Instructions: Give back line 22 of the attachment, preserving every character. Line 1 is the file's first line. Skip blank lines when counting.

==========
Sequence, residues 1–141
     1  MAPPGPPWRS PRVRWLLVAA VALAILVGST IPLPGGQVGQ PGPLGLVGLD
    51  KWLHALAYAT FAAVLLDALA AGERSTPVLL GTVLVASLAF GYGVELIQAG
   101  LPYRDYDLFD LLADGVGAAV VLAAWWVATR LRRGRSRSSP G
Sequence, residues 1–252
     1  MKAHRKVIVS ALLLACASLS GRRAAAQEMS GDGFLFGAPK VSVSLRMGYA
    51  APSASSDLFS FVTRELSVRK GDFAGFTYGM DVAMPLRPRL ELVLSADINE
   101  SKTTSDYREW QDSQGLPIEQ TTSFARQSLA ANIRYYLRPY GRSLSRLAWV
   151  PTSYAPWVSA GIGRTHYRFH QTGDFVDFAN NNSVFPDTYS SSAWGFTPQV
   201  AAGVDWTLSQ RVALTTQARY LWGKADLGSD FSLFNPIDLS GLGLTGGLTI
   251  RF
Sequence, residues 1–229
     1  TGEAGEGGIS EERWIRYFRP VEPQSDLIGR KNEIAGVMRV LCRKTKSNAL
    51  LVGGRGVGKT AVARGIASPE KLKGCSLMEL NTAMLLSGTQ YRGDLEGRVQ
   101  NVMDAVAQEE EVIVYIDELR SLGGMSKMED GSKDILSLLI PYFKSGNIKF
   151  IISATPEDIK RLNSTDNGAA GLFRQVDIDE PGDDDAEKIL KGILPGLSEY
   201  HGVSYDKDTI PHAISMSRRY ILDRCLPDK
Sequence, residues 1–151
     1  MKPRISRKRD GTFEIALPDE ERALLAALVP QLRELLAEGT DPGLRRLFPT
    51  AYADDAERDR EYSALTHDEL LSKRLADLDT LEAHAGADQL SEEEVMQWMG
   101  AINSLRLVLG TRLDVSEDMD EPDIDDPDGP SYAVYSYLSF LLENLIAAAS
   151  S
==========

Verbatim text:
   151  S